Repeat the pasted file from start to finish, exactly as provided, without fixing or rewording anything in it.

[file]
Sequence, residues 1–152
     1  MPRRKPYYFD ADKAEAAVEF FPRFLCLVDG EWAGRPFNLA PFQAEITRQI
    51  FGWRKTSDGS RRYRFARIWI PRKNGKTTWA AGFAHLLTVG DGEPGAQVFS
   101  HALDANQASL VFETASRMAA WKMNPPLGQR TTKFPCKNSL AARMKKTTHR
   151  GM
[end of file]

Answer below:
Sequence, residues 1–152
     1  MPRRKPYYFD ADKAEAAVEF FPRFLCLVDG EWAGRPFNLA PFQAEITRQI
    51  FGWRKTSDGS RRYRFARIWI PRKNGKTTWA AGFAHLLTVG DGEPGAQVFS
   101  HALDANQASL VFETASRMAA WKMNPPLGQR TTKFPCKNSL AARMKKTTHR
   151  GM